Today the weather’s sunny and much warmer, so we put swimming gear into the bag, just in case. Having failed to find much information about how or where to visit the dunes and lake, we set off with a photocopied map provided by the campsite and Strava as our guide. We rode south through the forested dunes which divide the sea from the freshwater lagoon forming the major part of the Natural Park. The infrastructure seems to have suffered from the same lack of investment we’ve encountered elsewhere, but the tracks and trails are fine for bikes and we ride down the coast towards Gola du Pujol where there’s a canal linking the lake with the sea. There’s also a large beach complex, closed at this time of year, Playa de la Garrofera, where Steve braves a swim (Bev just has a paddle, the water is still really too cold).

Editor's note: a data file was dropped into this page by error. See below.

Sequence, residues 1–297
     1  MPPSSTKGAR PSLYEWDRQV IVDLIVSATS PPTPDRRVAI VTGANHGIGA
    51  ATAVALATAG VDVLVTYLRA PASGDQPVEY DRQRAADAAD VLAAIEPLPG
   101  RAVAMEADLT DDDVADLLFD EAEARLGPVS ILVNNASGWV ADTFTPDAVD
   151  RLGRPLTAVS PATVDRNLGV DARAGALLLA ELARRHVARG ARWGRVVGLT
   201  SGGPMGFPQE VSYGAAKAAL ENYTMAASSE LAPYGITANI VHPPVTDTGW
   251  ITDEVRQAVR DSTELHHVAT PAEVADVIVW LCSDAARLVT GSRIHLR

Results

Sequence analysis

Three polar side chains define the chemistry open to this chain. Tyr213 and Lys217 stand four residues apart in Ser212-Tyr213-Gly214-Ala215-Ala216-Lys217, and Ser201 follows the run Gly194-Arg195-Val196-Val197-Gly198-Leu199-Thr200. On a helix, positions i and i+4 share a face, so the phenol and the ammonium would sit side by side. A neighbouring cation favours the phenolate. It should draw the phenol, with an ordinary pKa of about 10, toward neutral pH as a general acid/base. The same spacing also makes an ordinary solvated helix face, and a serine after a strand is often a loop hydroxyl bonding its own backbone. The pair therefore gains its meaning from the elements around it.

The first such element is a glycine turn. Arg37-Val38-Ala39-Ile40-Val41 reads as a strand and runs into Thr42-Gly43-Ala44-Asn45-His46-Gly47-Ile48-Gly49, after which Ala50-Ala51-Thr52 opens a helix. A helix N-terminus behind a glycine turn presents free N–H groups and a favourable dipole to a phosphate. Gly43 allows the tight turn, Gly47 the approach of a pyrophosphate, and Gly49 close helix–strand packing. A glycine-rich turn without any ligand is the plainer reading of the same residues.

At Pujol, fishermen ply their trade taking visitors for a trip on the lake and we continue our ride to el Palmar. Sadly, we’ve left it too late and all the restaurants have stopped serving food. We didn’t bring a picnic so return by the main road to the van to have a quick snack before riding back to Pujol to watch the sunset. There were huge murmurations of glossy ibis and flocks of flamingo flying across the lake. It seems to be the place for youngsters to ‘hang out’ for an evening before catching the bus back into Valencia. Once the sun had gone down, we rode back to the campsite in the dark. The Spanish seem very considerate of cyclists, so it wasn’t too daunting riding on the road, where there’s a cycle lane in most places.